Thursday, September 21, 2006

Liberty Dollar

What is the American Liberty Dollar?

Liberty Dollars are specially-minted .999 pure silver rounds and .9999 pure gold rounds, as well as silver certificates and gold certificates sold as "warehouse receipts," which can be redeemed for gold and silver Liberty rounds.

For example, the $100.00 Silver Liberty, dated 1998-2006, commemorates the Eighth Anniversary of the Liberty Dollar. The massive Silver Liberty measures 2-1/2 inches in diameter (64 mm) and contains five ounces of .999 fine Silver. Available in Proof only. Each is packaged with a display easel in a special gift box so it is easy to give or ship.

There is also a 2003 $5 Silver Liberty containing one half ounce of .999 fine Silver. It is the first issue of this denomination and celebrates the Fifth Anniversary. The obverse design retains the same "Liberty Head" as on $10 Silver Libertys. The reverse is similar to the $1 Liberty with a truncated torch design. It measures 32mm and is available in BU only. Limited Edition of 25,000 Libertys.

The Liberty Dollar is a private currency. It is issued by Liberty Dollar or NORFED, which is a partial acronym for "National Organization for the Repeal of the Federal Reserve Act and the Internal Revenue Code.". NORFED describes itself as a non-profit company based in Evansville, Indiana, founded to promote the Liberty Dollar.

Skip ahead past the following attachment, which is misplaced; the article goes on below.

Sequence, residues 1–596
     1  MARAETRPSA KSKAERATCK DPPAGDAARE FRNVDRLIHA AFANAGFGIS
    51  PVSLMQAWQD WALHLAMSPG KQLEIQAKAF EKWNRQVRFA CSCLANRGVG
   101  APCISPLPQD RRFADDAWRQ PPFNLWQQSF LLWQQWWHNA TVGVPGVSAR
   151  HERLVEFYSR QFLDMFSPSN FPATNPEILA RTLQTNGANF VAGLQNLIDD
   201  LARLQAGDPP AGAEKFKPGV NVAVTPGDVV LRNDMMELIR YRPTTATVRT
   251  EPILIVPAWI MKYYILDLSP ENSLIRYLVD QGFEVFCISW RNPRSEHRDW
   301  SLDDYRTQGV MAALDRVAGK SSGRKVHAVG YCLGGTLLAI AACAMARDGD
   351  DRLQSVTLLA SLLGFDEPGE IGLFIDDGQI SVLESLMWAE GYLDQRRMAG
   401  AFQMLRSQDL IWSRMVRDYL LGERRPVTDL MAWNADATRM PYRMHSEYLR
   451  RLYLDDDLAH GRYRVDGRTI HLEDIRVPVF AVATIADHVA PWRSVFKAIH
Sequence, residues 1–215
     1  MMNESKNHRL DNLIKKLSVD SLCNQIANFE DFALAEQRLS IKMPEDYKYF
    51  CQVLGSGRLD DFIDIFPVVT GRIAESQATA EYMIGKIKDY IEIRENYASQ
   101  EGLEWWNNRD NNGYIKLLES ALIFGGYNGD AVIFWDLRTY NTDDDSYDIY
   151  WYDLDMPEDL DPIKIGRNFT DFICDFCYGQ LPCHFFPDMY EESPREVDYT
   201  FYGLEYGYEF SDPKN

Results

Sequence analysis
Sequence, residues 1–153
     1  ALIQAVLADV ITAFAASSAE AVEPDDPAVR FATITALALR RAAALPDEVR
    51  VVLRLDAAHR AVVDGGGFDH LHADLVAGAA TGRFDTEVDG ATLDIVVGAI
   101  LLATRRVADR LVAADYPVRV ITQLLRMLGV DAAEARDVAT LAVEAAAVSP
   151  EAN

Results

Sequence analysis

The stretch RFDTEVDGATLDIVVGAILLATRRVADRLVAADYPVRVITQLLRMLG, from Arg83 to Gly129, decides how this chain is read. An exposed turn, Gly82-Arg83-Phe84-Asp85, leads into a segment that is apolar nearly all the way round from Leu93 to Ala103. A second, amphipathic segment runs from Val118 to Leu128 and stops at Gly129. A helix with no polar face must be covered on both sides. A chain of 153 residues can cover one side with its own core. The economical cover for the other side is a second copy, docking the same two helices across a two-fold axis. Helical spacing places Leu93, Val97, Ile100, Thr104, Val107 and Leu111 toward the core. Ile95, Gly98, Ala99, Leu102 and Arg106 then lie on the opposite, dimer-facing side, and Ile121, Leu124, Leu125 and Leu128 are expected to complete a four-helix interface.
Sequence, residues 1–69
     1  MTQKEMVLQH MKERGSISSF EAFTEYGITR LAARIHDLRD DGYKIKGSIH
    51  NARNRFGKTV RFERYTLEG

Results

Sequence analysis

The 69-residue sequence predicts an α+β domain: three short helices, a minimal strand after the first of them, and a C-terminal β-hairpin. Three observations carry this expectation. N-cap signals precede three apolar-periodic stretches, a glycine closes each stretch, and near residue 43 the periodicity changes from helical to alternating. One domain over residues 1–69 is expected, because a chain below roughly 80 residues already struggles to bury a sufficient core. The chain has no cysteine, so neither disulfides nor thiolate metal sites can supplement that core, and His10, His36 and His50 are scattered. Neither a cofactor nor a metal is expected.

NORFED is headed by Bernard von NotHaus, the retired Mintmaster for a private mint located in Hawaii called the Royal Hawaiian Mint, which has no connection to the Hawaiian government, despite its name. NotHaus cites a 96% loss in the value of the U.S. Dollar, based on the Consumer Price Index, as a selling point for the Liberty Dollar.

From its debut on October 1, 1998 to November 23, 2005, NORFED exchanged one troy ounce silver Liberties valued at ten Liberty Dollars for US$10, but on Thanksgiving Day, 2005, raised the silver base to US$20.

Although this is a privately issued silver dollar these make a good way of collecting and saving silver as much as any US federal coin.